ZIMBABWE: Concerns over voter registration

Tuesday, July 10, 2007


Concerns are being raised about the voter registration process ahead of Zimbabwe's presidential and parliamentary elections, just nine months away. The main opposition party, Movement for Democratic Change (MDC), claims that the process is being abused, while an independent poll-monitoring organisation says the timeframe needs to be extended.

Rural voters had to produce proof of residence to register, which was usually supplied by the local traditional leader, but most areas were controlled by chiefs who supported the ruling ZANU-PF party.

"The traditional leaders are very compromised and are refusing to write such letters for people known to be MDC supporters. That obviously means we are being disadvantaged, because our supporters cannot register to vote," alleged Nelson Chamisa, a spokesman for the MDC faction led by Morgan Tsvangirai.

Registrar-General Tobaiwa Mudede, who is in charge of the process, said there was nothing amiss; the national identity card or passport did not always provide current information on the individual's physical address. Another election official said proof of residence had been a constitutional requirement for registration since 2002.

Traditional leaders in rural areas receive vehicles and salaries from the government, and their homes have been electrified under the rural electrification programme.

In urban areas, where the MDC is strongest, prospective voters who wished to register had to get a letter from the property owner confirming their street address. Most urban dwellers rent accommodation and a large number of property owners have emigrated, while many Zimbabweans of foreign descent living in urban areas are excluded from the voting process.

Not enough time

The Zimbabwe Election Support Network (ZESN) said insufficient time had been allowed for registration. "We are deeply concerned that the exercise has not been adequately publicised, which might result in most prospective voters being unable to register," said Rindai Chipfunde-Vava, director of ZESN.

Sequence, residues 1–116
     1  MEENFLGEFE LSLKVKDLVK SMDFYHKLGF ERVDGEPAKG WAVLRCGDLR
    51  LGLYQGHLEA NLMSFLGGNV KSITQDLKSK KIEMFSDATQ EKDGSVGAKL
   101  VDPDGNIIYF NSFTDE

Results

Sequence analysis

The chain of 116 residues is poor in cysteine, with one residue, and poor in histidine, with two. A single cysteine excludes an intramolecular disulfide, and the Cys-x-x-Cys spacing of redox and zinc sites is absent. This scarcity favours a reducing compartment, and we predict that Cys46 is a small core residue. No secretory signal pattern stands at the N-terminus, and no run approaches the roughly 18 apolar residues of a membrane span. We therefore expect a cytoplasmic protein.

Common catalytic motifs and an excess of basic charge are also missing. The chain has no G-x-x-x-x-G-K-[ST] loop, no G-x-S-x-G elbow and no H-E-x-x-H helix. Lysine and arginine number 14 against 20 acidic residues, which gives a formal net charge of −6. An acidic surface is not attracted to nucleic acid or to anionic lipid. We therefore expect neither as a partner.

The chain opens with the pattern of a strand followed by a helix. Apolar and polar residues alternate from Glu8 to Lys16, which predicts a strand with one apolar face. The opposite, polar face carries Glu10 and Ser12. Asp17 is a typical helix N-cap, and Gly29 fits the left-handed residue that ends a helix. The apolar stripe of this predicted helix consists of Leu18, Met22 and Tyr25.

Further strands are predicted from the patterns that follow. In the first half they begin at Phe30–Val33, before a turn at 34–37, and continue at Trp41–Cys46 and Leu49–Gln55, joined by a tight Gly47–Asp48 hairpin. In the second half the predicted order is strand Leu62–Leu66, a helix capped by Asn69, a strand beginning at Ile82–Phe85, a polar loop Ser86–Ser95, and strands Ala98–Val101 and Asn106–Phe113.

She suggested that the registration period, which ends on 17 August, be extended by at least four months.

"We believe that the advertisements in the print media are not an appropriate and sufficient medium of communication of this strategic component of the electoral process," Chipfunde-Vava said, because people in rural areas did not have access to, or could not afford, newspapers such as the official daily, The Herald, which cost Z$25,000 (about US$0.20 at the parallel market exchange rate of Z$120,000 to US$1).

ZESN warned that under the Southern African Development Community's guidelines for conducting elections, the government had to ensure full participation by the majority of Zimbabweans, and also that the process was as fully inclusive as possible.

Since 2000 Zimbabwe's elections have been characterised by allegations of impropriety, violence and intimidation by both the main political parties.

Chipfunde-Vava's organisation has been advocating the establishment of an independent electoral commission that would be responsible for voter registration and education.

"The current situation where a department of the Ministry of Home Affairs conducts voter registration, albeit under the Zimbabwe Electoral Commission, is undesirable and a potential source of electoral disputes. We believe that that an adequately resourced independent electoral commission should carry out this strategic task."

Misinformation claims

The MDC's Chamisa alleged that government officials in rural areas were discouraging young voters, who were more inclined to support the opposition, by telling them that the registration process was for people older than 40 years.

In urban areas, he claimed, the electoral office had announced it was only issuing birth certificates and identity documents at this stage, and that voter registration would start later.

Registrar-General Mudede's office dismissed the allegations as untrue.

Source: IRIN